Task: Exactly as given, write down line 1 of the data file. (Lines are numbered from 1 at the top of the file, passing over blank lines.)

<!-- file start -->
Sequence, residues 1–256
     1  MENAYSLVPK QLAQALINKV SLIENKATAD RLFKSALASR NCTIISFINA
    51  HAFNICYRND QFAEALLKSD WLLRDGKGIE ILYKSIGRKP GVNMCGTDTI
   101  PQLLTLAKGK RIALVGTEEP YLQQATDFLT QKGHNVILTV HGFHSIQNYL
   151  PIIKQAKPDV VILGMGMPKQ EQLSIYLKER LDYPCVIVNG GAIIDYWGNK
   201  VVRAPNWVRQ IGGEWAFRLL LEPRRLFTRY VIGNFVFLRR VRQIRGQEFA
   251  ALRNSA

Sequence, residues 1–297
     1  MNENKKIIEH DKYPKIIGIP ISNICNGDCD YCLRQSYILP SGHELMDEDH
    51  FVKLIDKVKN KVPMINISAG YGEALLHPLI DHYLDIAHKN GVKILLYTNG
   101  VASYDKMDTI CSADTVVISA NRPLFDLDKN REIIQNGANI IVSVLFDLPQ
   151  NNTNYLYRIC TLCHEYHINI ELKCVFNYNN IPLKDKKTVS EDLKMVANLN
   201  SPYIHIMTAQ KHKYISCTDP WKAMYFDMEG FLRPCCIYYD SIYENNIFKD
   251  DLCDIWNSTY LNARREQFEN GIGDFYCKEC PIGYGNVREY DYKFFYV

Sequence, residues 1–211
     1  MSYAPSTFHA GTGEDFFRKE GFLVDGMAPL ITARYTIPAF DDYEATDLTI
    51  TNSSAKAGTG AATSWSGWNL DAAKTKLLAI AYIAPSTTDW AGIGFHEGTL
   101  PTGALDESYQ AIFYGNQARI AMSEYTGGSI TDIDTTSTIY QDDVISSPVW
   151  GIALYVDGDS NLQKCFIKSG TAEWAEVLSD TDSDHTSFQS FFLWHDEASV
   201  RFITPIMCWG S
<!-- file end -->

Sequence, residues 1–256